Monday, March 25, 2013

#Slice2013: Day 24 of 31 - Using Shame as a Classroom Management Tool

This morning, I watched Brené Brown on Oprah's new show, Super Soul Sunday. Her research on vulnerability and courage has impacted my life in lasting ways, and I am a huge fan of her books. The Gifts of Imperfection and Daring Greatly rank in my top favorite texts of all time.

During the interview, she described an all to familiar scenario that plays out in classrooms across this country.

I have been as guilty as the next person about using shame to regain a sense of control in a classroom. I'm not proud of my actions, and to be honest, I worry about the scars I've unintentionally caused by humiliating a child in front of his or her peers. Shame will change behavior on a dime, but the negative effects far outweigh the gains.

The industrial revolution taught us that compliance and competence are supreme.

Do what your told.
Don't make mistakes.
Follow directions.

Kids who successfully navigate these unspoken rules may manage to escape the damaging effects of shame in the classroom, but what about the outliers? What about the rebels and the risk takers? These kids dodge the flying debris of shame and humiliation on a regular basis, and hopefully, a few of them will rise up in righteous indignation, reminding all of us that talking to children in a demeaning tone and berating them in front of their peers is never acceptable.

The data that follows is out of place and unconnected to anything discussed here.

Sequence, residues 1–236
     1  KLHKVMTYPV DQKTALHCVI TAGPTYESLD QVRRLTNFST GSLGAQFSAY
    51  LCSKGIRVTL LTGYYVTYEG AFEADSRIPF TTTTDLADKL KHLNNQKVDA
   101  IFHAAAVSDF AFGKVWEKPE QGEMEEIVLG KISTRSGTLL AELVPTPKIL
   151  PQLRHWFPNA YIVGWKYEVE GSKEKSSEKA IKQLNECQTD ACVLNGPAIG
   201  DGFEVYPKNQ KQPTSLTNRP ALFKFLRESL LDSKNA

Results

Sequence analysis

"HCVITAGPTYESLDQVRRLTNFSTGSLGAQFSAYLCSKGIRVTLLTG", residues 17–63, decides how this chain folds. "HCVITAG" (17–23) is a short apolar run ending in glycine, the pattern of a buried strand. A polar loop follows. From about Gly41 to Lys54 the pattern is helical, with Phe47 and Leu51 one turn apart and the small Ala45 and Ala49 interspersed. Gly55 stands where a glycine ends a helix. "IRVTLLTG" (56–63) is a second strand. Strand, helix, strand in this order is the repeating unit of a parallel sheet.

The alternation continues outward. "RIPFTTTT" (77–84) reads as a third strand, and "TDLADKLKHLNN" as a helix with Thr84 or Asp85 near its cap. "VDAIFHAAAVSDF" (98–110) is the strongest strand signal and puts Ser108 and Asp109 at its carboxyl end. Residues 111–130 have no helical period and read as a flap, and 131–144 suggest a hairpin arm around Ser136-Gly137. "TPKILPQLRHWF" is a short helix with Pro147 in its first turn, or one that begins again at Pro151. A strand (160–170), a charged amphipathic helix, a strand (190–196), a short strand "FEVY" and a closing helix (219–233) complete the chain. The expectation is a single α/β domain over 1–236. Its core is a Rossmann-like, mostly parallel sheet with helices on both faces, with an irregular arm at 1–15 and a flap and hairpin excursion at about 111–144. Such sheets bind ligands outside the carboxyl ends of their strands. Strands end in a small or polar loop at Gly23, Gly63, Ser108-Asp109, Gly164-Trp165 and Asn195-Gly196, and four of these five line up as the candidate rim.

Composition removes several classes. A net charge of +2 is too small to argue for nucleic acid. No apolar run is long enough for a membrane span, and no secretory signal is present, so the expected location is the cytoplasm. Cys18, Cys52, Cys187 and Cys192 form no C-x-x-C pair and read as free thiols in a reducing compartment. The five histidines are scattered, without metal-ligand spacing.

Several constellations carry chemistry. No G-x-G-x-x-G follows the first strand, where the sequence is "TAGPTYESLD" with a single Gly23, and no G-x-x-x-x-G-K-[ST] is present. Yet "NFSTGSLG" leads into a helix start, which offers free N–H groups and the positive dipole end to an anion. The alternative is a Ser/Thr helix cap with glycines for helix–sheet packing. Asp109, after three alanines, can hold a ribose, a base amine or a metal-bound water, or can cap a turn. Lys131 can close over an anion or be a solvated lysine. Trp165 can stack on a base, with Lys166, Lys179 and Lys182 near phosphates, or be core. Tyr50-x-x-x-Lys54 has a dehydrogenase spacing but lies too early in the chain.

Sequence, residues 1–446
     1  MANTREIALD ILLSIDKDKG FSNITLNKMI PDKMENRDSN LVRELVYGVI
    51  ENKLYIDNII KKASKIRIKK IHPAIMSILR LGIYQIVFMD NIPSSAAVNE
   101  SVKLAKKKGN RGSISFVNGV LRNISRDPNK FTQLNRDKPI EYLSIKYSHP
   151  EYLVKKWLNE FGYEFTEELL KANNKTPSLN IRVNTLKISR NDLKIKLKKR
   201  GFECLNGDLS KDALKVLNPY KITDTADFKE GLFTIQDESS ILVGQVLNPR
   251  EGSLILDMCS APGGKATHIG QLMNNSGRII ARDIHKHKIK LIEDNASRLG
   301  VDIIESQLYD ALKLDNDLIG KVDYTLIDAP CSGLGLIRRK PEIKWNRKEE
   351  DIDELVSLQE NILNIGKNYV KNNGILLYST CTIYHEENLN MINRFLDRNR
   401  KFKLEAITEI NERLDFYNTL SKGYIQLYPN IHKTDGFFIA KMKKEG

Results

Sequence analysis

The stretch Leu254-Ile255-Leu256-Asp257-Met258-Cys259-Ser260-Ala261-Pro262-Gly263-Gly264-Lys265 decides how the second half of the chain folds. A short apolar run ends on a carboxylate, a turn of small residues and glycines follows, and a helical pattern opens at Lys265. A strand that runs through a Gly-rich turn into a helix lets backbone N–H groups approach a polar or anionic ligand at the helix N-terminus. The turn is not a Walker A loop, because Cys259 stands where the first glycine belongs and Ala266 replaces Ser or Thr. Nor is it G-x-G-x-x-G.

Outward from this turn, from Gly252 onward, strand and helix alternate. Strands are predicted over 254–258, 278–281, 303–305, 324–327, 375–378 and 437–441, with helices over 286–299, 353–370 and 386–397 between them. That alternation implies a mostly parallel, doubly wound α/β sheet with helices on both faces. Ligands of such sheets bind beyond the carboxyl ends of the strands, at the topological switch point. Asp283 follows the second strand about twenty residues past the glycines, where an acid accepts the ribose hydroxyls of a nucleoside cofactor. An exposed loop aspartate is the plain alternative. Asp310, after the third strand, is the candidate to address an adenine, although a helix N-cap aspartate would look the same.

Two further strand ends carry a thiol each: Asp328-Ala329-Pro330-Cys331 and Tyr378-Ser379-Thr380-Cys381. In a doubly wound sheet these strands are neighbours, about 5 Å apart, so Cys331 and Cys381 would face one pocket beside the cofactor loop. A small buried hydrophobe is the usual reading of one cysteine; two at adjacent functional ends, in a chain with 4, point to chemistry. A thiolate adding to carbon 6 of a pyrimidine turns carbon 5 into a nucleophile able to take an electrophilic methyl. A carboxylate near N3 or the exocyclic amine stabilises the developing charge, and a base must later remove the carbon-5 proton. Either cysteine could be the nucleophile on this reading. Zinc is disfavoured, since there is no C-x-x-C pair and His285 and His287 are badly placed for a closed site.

Today's message struck a chord. This week I will watch my tongue and my tone. I will remember the fragile nature of a child's self worth, and I will do my best to live by my convinctions. I won't do it perfectly, but I've learned the most powerful words in the English language.

I'm sorry. I messed up. Forgive me.

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